Guyana, situated on the central North Coast of South America, is a country with unique importance for indigenous rights, forest protection and climate change mitigation. It has one of the highest percentages of forest cover of any tropical country (around 80%), much of which is populated by Indigenous Peoples.
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The country is part of the Guianas, which include; Guyana, Suriname, and French Guiana.
Guyana is unique as the only English-speaking country in South America, although much of the populace speaks Guyanese creole. Additionally, there are indigenous Amerindian languages spoken by the natives, who make up approximately 9.16% of the modern Guyanese population. As a former British colony, Guyana saw significant migration from British India, therefore their descendants, the Indo-Guyanese, also speak Hindi.
Guyana’s peculiar linguistic diversity is due to its unique history and the cultural legacy it has left behind. Guyana has passed through several hands since it was first colonised in 1499, firstly Spain, then the Netherlands, who faced a major revolt by African slaves in 1763, before the British took, lost and then retook control for the final time in 1803.
Slavery was outlawed in principle in Guyana by the British through the 1807 Slave Trade Act, but persisted for almost 30 more years, before finally being ended in practice in 1834.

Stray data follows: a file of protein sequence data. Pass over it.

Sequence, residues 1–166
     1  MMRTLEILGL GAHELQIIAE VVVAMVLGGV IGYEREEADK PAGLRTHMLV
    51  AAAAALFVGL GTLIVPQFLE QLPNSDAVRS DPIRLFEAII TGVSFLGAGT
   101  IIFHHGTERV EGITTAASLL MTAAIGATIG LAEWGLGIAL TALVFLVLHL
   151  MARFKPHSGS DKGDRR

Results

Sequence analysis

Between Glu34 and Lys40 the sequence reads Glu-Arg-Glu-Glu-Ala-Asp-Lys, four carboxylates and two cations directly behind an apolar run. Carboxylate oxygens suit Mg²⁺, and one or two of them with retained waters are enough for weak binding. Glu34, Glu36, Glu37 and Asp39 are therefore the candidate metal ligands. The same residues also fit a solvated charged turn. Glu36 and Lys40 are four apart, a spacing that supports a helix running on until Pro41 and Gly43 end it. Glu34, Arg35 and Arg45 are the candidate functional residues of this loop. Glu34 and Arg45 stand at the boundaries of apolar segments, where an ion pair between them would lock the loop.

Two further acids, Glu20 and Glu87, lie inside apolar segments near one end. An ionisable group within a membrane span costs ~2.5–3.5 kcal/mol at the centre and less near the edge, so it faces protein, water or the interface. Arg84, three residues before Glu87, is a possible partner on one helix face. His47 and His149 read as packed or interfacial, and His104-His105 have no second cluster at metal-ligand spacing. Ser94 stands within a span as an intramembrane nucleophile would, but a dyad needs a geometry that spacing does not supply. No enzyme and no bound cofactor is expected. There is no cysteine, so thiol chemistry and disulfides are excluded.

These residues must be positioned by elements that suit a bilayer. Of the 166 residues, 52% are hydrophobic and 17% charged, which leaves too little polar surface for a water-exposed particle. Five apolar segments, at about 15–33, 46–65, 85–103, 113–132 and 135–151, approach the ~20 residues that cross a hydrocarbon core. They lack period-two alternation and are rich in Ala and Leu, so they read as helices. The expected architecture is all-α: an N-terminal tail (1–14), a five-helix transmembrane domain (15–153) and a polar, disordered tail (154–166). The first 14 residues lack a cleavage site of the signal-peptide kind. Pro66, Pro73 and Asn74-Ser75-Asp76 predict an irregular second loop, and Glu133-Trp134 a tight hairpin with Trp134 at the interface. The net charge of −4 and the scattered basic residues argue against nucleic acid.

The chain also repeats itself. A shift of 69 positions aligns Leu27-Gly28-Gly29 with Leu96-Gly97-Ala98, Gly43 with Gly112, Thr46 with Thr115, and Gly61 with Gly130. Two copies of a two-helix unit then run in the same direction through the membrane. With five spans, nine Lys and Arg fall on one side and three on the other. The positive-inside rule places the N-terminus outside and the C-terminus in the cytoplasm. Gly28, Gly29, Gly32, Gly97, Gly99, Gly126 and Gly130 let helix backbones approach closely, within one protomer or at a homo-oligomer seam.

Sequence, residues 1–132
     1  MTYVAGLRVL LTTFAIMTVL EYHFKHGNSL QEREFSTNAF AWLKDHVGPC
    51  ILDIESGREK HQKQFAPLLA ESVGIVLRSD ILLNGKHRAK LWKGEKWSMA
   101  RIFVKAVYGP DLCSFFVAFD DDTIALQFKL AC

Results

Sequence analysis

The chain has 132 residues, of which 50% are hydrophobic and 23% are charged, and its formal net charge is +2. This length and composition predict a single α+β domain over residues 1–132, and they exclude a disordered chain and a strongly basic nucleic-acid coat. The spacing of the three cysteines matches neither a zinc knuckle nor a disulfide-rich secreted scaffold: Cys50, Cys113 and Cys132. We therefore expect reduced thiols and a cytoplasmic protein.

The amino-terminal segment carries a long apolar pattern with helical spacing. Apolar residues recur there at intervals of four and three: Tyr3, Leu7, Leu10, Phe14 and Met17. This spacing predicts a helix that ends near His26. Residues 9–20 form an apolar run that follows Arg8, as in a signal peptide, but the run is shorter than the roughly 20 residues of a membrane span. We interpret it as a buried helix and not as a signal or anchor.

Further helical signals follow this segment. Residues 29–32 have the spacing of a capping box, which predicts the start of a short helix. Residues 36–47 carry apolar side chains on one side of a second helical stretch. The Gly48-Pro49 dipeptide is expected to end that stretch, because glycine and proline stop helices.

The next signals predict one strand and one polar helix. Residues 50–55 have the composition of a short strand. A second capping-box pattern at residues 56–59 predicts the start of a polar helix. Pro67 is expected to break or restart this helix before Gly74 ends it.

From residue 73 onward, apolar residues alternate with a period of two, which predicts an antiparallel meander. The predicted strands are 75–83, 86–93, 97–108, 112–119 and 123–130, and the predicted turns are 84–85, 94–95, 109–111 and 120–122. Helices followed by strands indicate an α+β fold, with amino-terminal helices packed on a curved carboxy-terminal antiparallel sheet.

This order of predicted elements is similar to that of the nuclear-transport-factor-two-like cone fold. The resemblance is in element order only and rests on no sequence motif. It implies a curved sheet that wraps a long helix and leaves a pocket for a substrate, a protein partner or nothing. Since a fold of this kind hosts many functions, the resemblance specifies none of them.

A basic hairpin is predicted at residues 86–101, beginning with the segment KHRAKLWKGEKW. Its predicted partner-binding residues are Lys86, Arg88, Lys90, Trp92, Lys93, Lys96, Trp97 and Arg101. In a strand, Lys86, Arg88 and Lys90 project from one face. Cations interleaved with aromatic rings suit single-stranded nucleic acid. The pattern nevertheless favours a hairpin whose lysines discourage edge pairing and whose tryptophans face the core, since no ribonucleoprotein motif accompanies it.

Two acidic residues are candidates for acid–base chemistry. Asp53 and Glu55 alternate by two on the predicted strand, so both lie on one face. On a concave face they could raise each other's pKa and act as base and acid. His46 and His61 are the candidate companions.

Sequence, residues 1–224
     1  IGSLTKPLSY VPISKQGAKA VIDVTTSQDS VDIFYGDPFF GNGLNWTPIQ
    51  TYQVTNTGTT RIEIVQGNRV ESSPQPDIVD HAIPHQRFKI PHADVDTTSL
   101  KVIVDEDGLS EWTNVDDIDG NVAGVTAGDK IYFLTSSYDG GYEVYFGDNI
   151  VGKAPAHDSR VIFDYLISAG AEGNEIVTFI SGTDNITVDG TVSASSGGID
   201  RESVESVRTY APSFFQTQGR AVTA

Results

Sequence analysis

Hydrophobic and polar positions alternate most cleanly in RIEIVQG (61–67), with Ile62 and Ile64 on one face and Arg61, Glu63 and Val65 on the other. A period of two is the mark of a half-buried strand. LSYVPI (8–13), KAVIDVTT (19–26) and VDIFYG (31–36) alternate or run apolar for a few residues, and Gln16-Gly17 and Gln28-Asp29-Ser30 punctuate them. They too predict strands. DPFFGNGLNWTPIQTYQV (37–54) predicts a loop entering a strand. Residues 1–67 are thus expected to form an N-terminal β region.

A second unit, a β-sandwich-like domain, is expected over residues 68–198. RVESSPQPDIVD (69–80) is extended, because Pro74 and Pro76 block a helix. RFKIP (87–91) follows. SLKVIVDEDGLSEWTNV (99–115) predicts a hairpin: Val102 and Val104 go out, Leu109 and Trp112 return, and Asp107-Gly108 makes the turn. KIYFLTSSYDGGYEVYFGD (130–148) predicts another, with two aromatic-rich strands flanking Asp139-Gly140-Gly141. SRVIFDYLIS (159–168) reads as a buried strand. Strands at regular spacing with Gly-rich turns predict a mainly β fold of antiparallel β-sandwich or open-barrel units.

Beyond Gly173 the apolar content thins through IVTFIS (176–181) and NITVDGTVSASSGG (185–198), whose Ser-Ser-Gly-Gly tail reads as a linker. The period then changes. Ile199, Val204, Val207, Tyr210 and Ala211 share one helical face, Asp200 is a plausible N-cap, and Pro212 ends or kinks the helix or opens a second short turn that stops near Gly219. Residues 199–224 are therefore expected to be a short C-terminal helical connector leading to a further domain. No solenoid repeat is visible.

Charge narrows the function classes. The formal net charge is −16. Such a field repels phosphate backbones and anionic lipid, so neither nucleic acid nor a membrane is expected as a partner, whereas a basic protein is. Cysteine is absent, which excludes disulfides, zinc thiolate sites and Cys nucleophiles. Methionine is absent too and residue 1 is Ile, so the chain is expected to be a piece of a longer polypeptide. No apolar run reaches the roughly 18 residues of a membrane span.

Once they were freed, Guyanese of African descent left their plantations to set up their own freeholdings. The British also began importing workers from other parts of the British Empire, mainly India, with increased migration leading to an uptick in land disputes and greater pressure on indigenous peoples.
After a century under British control, Guyana finally gained its independence from the British in 1966.
In recent times, because of its status as a high forest-cover, low deforestation-rate (HFLD) country, Guyana has developed a reputation as a leading advocate for forest protection and climate change mitigation, giving a special relevance to rights of Indigenous Peoples. This special feature has made Guyana incredibly attractive to REDD+ schemes.
In spite of making up roughly 10% of the population and being seen increasingly as important guardians of the forests, about half of indigenous communities in Guyana are still seeking recognition of their customary land rights, whilst titling in other areas has proven incomplete, and was often carried out without sufficient community consultation. This has led to disputes, particularly where neighbouring communities have made overlapping claims.
Guyana is a key country for The Tenure Facility due to the presence of some 70,000 indigenous people in 9 distinct ethnic groups who retain strong cultural and practical links with their lands, tenure rights over which have only partially been recognised. These indigenous lands are mostly forested and make up the majority of Guyana’s exceptionally intact national forest cover.
For a timeline of land and forest rights in Guyana, click here.
To learn more about the work of the Tenure Facility’s partners in Guyana, see below.